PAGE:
The Europeans, who claim to be more “green” then the Americans, generate almost as much greenhouse gases as the Americans (27% vs. 30%, according to Gore’s film), and just endured a horrendous heat spell that killed thousands of people. Et tu, Europe? And what about the possibility, as Al Gore clearly shows, that a melting of Greenland would induce a European Ice Age of, oh, maybe 1000 years? Perhaps the elites of other regions are too busy enjoying their power to care about this sort of thing, a process partially explored by many historians, and most recently by Jared Diamond in his book “Collapse  ”.[3]

Faced with overwhelming problems, Al Gore is concerned that people flip from denial of global warming to resigned depression, from thinking that nothing needs to be done to thinking that nothing can be done. The problem, I think, is that humans think in terms of holistic images, what psychologists call a “gestalt”. Gore’s conundrum can be explained in terms of gestalts:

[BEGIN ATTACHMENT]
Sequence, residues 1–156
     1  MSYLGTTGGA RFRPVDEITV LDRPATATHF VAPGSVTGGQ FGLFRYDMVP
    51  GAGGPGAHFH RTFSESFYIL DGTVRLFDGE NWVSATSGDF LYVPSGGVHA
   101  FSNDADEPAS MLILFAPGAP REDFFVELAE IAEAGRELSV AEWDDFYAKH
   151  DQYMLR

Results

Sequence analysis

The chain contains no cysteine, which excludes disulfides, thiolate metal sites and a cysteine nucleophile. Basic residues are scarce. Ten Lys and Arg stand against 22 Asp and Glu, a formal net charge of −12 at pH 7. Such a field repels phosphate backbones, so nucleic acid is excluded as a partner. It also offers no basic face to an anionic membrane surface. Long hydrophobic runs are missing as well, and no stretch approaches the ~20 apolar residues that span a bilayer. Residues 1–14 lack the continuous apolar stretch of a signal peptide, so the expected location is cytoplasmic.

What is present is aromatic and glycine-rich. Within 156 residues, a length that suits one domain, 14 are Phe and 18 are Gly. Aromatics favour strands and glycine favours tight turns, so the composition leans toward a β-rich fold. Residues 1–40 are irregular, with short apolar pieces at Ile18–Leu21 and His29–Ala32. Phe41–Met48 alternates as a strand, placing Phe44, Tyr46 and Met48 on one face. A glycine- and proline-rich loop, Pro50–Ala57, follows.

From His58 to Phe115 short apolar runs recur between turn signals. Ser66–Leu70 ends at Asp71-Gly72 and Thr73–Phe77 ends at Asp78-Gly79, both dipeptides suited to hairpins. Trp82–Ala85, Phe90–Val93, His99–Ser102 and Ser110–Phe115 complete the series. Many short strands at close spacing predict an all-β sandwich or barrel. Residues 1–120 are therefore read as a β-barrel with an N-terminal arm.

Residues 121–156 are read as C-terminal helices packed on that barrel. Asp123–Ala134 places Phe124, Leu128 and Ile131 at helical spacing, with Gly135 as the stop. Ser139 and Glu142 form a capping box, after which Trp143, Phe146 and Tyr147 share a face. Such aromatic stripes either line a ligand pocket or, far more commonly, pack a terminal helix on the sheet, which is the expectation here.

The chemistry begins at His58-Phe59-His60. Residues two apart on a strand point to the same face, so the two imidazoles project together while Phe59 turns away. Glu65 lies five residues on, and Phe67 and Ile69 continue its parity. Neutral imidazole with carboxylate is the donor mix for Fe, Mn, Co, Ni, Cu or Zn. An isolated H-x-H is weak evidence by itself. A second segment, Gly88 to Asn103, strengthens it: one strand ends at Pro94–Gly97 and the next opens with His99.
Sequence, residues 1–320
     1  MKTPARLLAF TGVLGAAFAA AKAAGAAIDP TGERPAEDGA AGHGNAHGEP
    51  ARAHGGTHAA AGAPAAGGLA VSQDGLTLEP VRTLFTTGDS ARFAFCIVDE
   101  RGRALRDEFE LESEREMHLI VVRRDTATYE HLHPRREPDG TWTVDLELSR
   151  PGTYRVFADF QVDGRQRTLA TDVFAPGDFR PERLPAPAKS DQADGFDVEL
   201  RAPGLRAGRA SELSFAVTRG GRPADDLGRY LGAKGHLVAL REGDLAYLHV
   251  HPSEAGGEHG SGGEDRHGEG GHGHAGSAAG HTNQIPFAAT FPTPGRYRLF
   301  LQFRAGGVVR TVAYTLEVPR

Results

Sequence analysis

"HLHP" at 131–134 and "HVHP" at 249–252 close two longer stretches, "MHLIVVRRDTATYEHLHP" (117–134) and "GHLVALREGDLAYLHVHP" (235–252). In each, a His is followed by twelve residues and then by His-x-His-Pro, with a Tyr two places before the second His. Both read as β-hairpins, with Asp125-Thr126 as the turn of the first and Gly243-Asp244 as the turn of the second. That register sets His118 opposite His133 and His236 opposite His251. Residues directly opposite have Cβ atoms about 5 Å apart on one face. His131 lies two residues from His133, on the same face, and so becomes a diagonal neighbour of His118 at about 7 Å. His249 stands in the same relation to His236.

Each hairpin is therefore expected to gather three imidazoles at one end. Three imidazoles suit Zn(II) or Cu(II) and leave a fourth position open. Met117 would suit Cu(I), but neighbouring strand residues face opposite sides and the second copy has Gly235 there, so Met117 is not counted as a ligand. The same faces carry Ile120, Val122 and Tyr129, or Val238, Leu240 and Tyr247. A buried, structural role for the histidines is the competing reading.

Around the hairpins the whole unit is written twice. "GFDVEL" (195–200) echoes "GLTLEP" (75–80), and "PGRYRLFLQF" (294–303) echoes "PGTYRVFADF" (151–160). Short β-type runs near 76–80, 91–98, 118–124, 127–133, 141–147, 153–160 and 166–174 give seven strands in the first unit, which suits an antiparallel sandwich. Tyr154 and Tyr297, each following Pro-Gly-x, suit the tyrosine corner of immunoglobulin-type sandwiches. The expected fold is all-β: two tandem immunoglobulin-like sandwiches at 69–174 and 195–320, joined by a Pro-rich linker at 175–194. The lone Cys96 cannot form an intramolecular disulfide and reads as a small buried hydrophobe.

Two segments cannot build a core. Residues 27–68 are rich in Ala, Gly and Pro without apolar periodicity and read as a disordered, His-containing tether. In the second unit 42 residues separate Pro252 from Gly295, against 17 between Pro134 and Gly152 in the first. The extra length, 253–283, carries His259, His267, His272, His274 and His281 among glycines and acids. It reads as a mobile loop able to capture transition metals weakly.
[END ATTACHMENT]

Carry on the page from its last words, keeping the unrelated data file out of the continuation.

before some people hear about global warming, they hold within their heads the image of a basically well-functioning planet;

after they understand global warming, they can only envision the image of a planet becoming unlivable.

What they need is the image of an alternative economic system, one that is different than today’s and one that is survivable.

The Bush Administration would like to replace the average American’s image of the U.S. political system from one involving the Constitution and fuzzy images of the Founding Fathers to the image of the snarling Dick Cheney, a police state, and the smoking remains of the World Trade Center.